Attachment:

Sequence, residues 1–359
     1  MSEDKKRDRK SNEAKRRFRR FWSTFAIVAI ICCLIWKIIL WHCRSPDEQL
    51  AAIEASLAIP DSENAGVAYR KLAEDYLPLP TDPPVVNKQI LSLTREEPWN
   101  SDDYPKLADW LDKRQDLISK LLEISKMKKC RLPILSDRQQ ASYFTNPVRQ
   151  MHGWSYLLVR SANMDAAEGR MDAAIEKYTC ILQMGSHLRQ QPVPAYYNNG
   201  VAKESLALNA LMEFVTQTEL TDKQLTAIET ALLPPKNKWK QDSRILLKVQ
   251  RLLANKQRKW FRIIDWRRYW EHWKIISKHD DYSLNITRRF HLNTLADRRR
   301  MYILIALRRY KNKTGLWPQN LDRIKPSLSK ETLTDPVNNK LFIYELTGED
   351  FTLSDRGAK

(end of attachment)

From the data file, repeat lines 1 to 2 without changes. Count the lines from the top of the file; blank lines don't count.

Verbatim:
Sequence, residues 1–359
     1  MSEDKKRDRK SNEAKRRFRR FWSTFAIVAI ICCLIWKIIL WHCRSPDEQL